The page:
Once you feel comfortable working with Fireworks, you can start adding keyboard shortcuts to your repertoire. My suggestion is that you look at the menu commands you use a lot. Then choose one of those shortcuts each day. For instance, if you import a lot of art from other programs, you might decide to learn the shortcut for the Import command. For the rest of that day, every time you import art use the Import shortcut. (It happens to be Cmd/Ctrl-R.) Even if you have to look at the menu to refresh your memory, use the keyboard shortcut to actually open the Import dialog box anyway. By the end of the day you will have memorized the Import shortcut. The next day you can learn a new one.

Cross-Platform Issues

One of the great strengths of Fireworks is that it is almost identical in look and function on both the Macintosh and Windows platforms. In fact, at first glance it is hard to tell which platform you are working on. However, because there are some differences between the operating systems themselves, there are some things you should keep in mind.

Modifier Keys

I always list the modifier keys with the Macintosh key first and then the Windows key second. So a direction to hold the Command/Ctrl key as you drag means that Macintosh users should hold the Command key while Windows users should hold the Ctrl key on the Windows platform. When the key is the same on both computers, such as the Shift key, only one is listed.

In most cases, the Mac's Command key (sometimes called the Apple key) corresponds to the Ctrl key on Windows. The Option key on the Macintosh usually corresponds to the Alt key on Windows. The Control key on the Macintosh has no Windows equivalent. Notice that the Control key for the Macintosh is always spelled out while the Ctrl key for Windows is not.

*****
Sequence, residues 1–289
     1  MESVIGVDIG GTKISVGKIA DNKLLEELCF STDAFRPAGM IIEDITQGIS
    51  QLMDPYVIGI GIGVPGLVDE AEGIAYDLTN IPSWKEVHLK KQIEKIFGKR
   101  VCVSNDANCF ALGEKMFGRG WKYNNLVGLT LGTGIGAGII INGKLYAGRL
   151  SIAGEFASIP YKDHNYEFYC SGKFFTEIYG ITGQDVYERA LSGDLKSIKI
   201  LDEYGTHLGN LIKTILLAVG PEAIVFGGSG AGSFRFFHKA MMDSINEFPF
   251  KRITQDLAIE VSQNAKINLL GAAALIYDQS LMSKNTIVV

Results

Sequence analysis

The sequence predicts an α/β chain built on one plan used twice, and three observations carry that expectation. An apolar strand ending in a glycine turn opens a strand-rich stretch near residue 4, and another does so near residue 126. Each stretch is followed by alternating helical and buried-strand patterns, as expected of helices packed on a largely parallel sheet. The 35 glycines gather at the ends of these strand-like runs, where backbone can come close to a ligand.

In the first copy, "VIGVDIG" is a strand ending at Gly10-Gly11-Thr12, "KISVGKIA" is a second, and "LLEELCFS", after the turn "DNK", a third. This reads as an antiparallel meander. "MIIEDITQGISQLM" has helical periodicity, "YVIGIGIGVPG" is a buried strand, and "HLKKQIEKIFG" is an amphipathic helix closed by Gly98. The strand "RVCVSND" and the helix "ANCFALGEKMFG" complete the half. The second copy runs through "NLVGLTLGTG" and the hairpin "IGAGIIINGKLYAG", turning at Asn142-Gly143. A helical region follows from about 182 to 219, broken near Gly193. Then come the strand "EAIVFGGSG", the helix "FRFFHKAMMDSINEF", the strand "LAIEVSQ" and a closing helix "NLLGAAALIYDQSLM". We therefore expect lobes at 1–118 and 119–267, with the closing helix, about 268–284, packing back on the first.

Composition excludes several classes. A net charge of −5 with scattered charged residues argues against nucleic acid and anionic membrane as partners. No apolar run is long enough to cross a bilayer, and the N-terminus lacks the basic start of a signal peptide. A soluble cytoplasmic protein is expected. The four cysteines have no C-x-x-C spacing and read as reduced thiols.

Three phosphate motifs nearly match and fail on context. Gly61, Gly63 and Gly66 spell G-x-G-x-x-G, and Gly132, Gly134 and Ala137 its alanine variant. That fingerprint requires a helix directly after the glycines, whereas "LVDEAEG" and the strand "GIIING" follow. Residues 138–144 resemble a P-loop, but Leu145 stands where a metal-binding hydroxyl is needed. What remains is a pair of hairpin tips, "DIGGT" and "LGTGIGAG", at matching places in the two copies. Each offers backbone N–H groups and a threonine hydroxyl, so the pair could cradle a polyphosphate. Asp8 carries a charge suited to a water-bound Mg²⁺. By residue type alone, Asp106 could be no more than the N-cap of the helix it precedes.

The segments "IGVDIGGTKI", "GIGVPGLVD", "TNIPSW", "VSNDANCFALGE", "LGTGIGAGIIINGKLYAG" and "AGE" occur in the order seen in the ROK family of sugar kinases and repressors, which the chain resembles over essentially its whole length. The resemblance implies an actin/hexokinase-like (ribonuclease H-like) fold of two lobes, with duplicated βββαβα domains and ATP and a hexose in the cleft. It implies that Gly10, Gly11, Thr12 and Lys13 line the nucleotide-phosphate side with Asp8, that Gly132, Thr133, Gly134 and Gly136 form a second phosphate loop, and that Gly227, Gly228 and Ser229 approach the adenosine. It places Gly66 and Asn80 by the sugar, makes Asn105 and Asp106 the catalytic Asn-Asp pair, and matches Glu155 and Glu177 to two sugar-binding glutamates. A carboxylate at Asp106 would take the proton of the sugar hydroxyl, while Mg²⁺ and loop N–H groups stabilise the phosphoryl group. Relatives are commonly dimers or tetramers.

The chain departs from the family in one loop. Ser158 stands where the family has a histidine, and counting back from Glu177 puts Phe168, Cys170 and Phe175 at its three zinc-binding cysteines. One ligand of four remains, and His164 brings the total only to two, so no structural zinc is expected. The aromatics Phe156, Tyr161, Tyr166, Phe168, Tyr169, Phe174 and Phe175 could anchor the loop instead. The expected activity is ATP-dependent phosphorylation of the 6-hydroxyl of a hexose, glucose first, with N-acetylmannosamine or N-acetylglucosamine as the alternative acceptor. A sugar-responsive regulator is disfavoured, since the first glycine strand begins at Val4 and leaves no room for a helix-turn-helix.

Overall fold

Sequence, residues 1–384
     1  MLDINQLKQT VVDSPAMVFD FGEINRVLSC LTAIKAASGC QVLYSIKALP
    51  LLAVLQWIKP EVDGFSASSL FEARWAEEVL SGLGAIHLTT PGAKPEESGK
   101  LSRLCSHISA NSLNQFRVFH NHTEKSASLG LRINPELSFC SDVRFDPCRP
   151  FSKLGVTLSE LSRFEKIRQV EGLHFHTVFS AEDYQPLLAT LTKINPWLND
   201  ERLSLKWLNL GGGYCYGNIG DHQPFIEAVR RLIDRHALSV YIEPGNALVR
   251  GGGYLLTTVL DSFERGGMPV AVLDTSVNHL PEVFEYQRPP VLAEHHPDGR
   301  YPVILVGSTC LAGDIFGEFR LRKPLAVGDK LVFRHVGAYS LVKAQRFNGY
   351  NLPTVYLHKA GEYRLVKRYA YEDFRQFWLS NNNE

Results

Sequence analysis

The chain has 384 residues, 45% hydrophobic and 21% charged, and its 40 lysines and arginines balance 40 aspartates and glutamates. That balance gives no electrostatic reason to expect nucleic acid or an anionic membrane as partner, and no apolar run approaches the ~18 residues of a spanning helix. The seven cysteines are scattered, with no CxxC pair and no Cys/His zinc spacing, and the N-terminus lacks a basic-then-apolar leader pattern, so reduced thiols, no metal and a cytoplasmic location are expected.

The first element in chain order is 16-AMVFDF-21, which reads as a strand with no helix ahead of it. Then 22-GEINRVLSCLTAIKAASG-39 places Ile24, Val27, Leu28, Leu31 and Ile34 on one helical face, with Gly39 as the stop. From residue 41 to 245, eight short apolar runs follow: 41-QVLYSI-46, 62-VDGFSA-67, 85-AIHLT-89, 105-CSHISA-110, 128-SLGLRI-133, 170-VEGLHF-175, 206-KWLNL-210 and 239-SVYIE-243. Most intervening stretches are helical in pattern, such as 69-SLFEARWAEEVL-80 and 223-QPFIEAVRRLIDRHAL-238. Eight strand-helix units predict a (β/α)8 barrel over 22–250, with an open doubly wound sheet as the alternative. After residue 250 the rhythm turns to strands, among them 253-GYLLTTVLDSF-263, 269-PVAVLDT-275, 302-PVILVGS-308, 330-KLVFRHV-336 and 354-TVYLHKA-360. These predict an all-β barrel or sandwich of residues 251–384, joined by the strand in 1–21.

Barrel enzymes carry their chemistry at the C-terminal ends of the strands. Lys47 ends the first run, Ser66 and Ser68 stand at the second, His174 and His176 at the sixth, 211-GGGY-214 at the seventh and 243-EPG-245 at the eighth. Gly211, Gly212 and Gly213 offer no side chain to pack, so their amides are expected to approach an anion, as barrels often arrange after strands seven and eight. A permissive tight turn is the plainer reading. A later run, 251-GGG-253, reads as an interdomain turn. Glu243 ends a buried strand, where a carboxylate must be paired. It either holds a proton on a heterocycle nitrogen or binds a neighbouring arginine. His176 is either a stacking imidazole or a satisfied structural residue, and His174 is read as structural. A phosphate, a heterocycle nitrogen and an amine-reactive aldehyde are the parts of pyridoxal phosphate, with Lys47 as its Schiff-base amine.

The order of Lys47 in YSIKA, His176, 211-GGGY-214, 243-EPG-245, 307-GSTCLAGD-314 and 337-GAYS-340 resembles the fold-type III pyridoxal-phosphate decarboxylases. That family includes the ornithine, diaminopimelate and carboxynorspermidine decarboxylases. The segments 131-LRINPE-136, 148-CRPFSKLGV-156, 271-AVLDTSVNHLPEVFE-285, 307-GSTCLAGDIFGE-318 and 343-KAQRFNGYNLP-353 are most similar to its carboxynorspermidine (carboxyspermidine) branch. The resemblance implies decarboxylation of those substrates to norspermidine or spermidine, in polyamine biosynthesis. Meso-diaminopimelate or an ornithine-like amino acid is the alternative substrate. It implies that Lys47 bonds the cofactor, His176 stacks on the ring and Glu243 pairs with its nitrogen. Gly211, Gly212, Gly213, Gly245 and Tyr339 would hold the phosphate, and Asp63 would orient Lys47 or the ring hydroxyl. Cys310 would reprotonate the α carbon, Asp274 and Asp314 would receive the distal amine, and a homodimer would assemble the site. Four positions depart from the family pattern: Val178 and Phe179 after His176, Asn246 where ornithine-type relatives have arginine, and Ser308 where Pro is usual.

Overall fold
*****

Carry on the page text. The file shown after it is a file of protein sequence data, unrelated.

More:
Platform-Specific Features

A few times in the book I have written separate exercises for the Macintosh and Windows platforms. These exercises are indicated by (Mac) and (Win).

Most of the time this is because the procedures are so different that they need to be written separately. Some features exist only on one platform. Those features are labeled to reflect this.

Fireworks Workflow: How to Use this Book

I structured this book so that you could start with an empty document and build your skills and understanding step by step. The first two chapters deal with the basics of Fireworks's onscreen elements and the document window. The next eight chapters cover the illustration and drawing tools in Fireworks. The rest go through all of the features in an orderly fashion. So, if you tend to be a little obsessive/compulsive, you should start right with Chapter 1 and march straight through the book, one chapter after another.

However, if your client is demanding that you finish the Web site tonight you may need to skip some features and jump right into specific techniques such as optimizing and exporting existing scans.

How you use this book depends on what you need to learn, how quickly you need to learn it, and what your learning style is. This workflow guides you as to how to move around and choose the chapters that most interest you—like a buffet dinner.

Basics 1

Figure 1. Chapters 1 and 2 cover the Fireworks basics—the interface and document setup.

Everyone needs some basics to cover the workings of the program. So wharever your ultimate goal, you should begin with:

Optimizing 2

Figure 2. Chapters 14, 15 and 20 cover the steps needed to optimize graphics and put them on the Web.

If you're in a hurry to get scanned images up on the Web you can then skip directly to these chapters—this means you don't want to edit or add artwork to your images.

Bitmap Images 3